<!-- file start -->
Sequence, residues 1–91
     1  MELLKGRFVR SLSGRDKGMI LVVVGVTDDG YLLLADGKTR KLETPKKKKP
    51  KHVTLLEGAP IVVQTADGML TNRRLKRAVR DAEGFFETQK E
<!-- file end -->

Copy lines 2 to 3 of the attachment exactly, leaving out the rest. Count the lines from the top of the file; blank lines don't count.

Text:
     1  MELLKGRFVR SLSGRDKGMI LVVVGVTDDG YLLLADGKTR KLETPKKKKP
    51  KHVTLLEGAP IVVQTADGML TNRRLKRAVR DAEGFFETQK E